- Eighty-five per cent of the British public see coronavirus as one of the biggest issues facing Britain
- The proportion who see the economy as an issue has doubled since February 2020
- Public have less attention for the NHS, Brexit, crime and climate change
The April 2020 Ipsos MORI Issues Index records 85% of the public saying the coronavirus is one of the most important issues facing the country, on a par with the highest score for any issue since the series began in September 1974. During periods of the 1980s, concern about unemployment was also as high, with a peak of 87% in 1982.
Compared with February, concern about pandemic diseases has increased by eighty percentage points. This is the biggest jump in concern in the 46-year history of the Issues Index, and is the highest score recorded for this code since it began in 2006.
It should be noted that because of the impact of the coronavirus, this month’s Issues Index is the first ever to be carried out by telephone, rather than face-to-face. This means some caution should be taken when making exact comparisons with previous months. Having said that, the questions were asked exactly the same way; the answers are spontaneous responses, and participants are not prompted with any answers.
The level of public concern about the coronavirus leaves less public attention for previously front-running issues:
- The proportion who specifically mention the NHS as an important issue has fallen by sixteen percentage points, from 44% in February to 28% in April (however, it is likely that general concern about the coronavirus will include worries about its impact on the country’s health system).
- There has been a similar decline in concern about Brexit: from 39% to 26%
- The level of public mention of the environment, pollution and climate change has more than halved, dropping 16 percentage points from 25% to nine per cent
- Just six per cent mention crime as a concern this month, down thirteen percentage points on the February score
The proportion who are worried about the economy has doubled, from 17% to 35%. This makes it the second-biggest issue facing the country this month.
The coronavirus is by far the biggest issue, across all subgroups. Outside this, the economy is second, especially in the South East and among Conservative supporters – perhaps reflecting concern about the longer-term impacts of the virus.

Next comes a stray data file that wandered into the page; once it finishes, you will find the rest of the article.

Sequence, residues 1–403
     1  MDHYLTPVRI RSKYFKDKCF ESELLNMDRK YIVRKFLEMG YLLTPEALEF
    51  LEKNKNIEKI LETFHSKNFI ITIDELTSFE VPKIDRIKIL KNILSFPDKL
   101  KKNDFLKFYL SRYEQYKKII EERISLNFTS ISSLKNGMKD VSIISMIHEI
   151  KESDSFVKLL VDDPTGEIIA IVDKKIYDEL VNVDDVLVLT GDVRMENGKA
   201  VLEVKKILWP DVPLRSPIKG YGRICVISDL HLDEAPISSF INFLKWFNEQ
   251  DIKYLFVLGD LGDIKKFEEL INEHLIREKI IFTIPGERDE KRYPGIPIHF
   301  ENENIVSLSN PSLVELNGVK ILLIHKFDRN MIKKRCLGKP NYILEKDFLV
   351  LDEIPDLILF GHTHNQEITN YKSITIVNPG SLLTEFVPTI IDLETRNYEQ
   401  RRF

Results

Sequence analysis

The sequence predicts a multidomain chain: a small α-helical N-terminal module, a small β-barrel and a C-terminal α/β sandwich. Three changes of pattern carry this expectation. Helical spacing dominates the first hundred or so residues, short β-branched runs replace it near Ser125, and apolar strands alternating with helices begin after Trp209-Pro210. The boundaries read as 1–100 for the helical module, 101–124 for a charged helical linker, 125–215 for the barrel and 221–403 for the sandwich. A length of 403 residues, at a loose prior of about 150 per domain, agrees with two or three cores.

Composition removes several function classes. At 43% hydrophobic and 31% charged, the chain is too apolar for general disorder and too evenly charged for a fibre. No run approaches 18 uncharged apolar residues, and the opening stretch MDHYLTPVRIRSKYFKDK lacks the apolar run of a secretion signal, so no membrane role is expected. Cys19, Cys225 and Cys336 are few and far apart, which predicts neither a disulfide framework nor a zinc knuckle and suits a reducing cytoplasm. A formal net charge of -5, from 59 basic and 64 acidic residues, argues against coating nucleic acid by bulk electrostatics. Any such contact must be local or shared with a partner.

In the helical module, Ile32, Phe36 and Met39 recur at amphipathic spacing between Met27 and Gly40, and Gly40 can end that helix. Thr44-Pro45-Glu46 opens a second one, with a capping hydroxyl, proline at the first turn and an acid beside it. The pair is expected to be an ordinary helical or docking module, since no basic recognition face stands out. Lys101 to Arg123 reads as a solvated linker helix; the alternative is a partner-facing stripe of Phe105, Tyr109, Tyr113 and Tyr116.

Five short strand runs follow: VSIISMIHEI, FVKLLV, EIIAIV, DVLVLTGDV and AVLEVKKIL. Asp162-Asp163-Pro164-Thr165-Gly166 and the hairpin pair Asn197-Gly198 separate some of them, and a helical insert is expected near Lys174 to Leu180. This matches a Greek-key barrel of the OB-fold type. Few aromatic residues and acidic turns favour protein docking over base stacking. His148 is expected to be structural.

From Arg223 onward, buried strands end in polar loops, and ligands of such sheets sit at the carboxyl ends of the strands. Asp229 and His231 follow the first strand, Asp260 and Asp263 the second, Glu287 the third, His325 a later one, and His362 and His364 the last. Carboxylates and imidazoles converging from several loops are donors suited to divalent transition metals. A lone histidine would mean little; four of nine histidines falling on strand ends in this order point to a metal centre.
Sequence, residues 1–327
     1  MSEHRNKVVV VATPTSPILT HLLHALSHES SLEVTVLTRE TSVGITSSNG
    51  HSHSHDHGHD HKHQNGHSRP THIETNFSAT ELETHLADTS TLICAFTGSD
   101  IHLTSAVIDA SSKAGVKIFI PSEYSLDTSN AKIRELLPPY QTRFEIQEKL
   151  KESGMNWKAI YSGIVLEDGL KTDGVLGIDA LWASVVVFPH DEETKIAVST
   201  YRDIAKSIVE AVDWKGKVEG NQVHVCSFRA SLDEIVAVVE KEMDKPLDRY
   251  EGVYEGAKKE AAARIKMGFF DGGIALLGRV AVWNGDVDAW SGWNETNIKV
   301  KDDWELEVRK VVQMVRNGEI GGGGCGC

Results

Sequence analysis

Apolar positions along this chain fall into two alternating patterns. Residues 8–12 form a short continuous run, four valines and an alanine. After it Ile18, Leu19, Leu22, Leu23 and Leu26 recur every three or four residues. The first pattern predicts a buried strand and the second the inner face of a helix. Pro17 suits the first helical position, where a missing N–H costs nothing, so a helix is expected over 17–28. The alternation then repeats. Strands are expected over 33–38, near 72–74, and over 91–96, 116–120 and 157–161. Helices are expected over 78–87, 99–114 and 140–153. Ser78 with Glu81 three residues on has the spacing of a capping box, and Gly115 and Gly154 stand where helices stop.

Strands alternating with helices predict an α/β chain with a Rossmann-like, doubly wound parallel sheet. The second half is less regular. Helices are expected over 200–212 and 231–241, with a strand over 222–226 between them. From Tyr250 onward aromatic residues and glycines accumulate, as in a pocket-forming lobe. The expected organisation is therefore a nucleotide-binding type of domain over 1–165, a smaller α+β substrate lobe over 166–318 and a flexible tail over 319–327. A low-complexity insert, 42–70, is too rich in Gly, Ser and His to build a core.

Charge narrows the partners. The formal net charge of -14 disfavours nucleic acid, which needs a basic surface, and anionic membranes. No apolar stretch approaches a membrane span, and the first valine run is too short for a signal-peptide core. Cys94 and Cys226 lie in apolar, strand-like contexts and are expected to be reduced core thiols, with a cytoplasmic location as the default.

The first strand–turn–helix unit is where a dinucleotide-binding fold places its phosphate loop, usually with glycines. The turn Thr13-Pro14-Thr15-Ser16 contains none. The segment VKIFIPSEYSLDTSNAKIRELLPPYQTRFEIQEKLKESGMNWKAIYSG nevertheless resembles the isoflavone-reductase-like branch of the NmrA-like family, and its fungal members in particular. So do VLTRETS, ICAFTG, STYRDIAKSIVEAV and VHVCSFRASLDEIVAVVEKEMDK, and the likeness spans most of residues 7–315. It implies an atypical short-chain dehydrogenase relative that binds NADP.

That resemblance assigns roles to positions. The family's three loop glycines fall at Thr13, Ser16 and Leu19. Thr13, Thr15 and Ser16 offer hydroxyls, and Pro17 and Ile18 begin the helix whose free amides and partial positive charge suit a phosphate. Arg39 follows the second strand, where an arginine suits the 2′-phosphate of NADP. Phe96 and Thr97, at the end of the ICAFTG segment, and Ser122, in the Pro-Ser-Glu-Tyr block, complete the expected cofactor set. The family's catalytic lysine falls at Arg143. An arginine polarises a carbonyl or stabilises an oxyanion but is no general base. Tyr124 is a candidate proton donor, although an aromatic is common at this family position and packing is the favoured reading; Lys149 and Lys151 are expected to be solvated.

However, those aged 18-34 and Labour party supporters stand out as being more likely to put the NHS above the economy, while those in social grade C1 rate both issues evenly.
Mike Clemence, Associate Director at Ipsos MORI, said:
“It should come as no surprise to see coronavirus dominating public concern to a level rarely seen in the half century covered by our long-running Issues Index poll. In that time, we have only recorded a higher score four times.
Many other issues which had been rising up the public’s priorities, including climate change, crime – and even Brexit – seem to be crowded out by this focus since the last Issues Index in February.
Specific mentions of the health service have also fallen sharply since February, although given widespread conversation about potential shortages in equipment and the hard work of NHS staff, it is likely that there is an overlap between concern about the pandemic and its impact on the NHS.
Instead, the public appear to be increasingly worried about the economy, suggesting that in the teeth of this crisis the public are starting to think about the shape Britain will be in when it emerges from lockdown”
This month’s Issues Index is the first in the poll’s 46-year history to be conducted over the phone; lockdown conditions mean face-to-face fieldwork is currently not an option for public opinion polling. Mode effects should be kept in mind when comparing the new data points with previous months.
Ipsos MORI's Issues Index is conducted monthly and provides an overview of the key issues concerning the country. Ipsos MORI interviewed a representative sample of 999 adults aged 18+ across Great Britain. The answers are spontaneous responses, and participants are not prompted with any answers.
Ipsos MORI's telephone omnibus was used for this survey. Interviews were conducted between 3 and 8 April 2020 across Great Britain. Data are weighted to match the profile of the population.
EVENT | The Future of Fats, Sugar and the Obesity Crisis
It can be easy to forget, but the world is facing more than one pandemic. Thirty-nine percent of the global population is overweight. In the UK, that figure is even higher: 67% of adults are overweight. But what makes this crisis so hard to tackle?